Humanitarian aid—such as clothing, food, and basic household items—is a crucial response to the emergencies of displacement. However, little is known about how aid is designed and coordinated by multiple actors in practice and how it is used (or not) by aid recipients. This project investigates the governance and consumption of humanitarian aid to internally displaced persons (IDPs) in Ukraine. Since 2014, a conflict in eastern Ukraine has forced more than 1.4 million people to become IDPs. Employing qualitative methods and ethnographic techniques, the study explores the politics of governance, routes of circulation, and patterns of consumption (or non-consumption) of material aid. The project aims to explain efficiency/inefficiency of policies for aid governance, elucidate common misconceptions in the understanding of IDPs' needs, and explicate the informal economies surrounding humanitarian assistance.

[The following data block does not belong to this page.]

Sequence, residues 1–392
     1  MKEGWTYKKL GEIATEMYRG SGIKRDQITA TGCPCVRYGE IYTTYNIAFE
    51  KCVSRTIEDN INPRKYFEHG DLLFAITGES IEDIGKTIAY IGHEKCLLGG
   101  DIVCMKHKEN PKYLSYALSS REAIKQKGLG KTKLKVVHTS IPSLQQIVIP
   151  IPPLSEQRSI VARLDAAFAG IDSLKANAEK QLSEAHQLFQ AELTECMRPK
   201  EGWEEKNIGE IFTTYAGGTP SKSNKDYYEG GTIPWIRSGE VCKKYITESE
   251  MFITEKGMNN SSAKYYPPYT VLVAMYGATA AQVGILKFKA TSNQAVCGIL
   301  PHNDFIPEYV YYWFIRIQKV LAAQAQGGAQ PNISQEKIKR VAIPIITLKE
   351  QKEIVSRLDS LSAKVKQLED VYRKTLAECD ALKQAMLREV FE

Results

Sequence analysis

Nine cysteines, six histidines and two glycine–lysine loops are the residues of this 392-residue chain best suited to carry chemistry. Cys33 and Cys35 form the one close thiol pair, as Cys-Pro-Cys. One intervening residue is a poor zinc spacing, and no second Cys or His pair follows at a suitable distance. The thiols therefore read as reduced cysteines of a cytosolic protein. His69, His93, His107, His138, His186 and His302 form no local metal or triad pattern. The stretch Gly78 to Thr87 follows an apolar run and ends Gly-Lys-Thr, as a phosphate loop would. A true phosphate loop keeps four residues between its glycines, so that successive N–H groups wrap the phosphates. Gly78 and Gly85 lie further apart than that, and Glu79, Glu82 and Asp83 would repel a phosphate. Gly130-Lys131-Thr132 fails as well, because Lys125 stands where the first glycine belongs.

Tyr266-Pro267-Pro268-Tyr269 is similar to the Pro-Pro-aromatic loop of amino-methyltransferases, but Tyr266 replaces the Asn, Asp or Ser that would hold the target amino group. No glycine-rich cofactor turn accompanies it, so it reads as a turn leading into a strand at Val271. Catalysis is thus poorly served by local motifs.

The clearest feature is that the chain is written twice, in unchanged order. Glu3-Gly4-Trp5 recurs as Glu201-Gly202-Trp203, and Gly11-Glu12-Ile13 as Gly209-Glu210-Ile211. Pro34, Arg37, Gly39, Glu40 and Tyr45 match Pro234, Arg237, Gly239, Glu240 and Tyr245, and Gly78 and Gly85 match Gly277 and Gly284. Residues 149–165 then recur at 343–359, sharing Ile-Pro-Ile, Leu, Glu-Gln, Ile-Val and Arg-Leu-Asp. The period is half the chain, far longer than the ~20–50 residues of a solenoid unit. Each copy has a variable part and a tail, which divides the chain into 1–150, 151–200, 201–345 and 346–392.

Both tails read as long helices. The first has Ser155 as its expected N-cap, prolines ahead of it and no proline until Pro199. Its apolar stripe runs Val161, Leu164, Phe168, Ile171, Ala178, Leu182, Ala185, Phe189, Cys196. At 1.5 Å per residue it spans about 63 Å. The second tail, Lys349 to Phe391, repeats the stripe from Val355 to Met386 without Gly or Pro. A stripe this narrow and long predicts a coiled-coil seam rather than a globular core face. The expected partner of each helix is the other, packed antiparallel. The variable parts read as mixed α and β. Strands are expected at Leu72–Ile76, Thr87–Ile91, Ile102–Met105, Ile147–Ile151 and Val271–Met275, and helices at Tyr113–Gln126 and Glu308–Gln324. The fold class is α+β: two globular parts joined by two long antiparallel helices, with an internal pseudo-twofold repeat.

Ostrom Research Series featuring Tania Bulakh (Ostrom Fellow) - "Things That Matter: Humanitarian Aid and Citizenship among Internally Displaced Persons (IDPs) in Ukraine"
Wednesday, February 27, 2019
12:00 P.M. – 1:00 P.M.
Location: Ostrom Workshop, 513 N. Park